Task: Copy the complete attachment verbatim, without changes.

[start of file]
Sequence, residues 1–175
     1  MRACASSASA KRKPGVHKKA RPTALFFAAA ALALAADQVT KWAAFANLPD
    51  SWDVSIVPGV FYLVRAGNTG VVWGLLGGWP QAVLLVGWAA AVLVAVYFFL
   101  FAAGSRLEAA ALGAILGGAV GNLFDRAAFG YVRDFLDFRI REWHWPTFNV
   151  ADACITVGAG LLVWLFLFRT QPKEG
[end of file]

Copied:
Sequence, residues 1–175
     1  MRACASSASA KRKPGVHKKA RPTALFFAAA ALALAADQVT KWAAFANLPD
    51  SWDVSIVPGV FYLVRAGNTG VVWGLLGGWP QAVLLVGWAA AVLVAVYFFL
   101  FAAGSRLEAA ALGAILGGAV GNLFDRAAFG YVRDFLDFRI REWHWPTFNV
   151  ADACITVGAG LLVWLFLFRT QPKEG